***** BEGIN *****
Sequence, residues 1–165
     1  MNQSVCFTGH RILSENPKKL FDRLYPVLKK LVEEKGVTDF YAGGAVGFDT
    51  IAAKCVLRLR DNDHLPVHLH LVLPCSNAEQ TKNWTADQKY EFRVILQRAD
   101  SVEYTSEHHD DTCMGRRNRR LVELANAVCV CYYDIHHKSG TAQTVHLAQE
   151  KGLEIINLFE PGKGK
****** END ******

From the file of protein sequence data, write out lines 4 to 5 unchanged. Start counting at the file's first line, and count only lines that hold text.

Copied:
   101  SVEYTSEHHD DTCMGRRNRR LVELANAVCV CYYDIHHKSG TAQTVHLAQE
   151  KGLEIINLFE PGKGK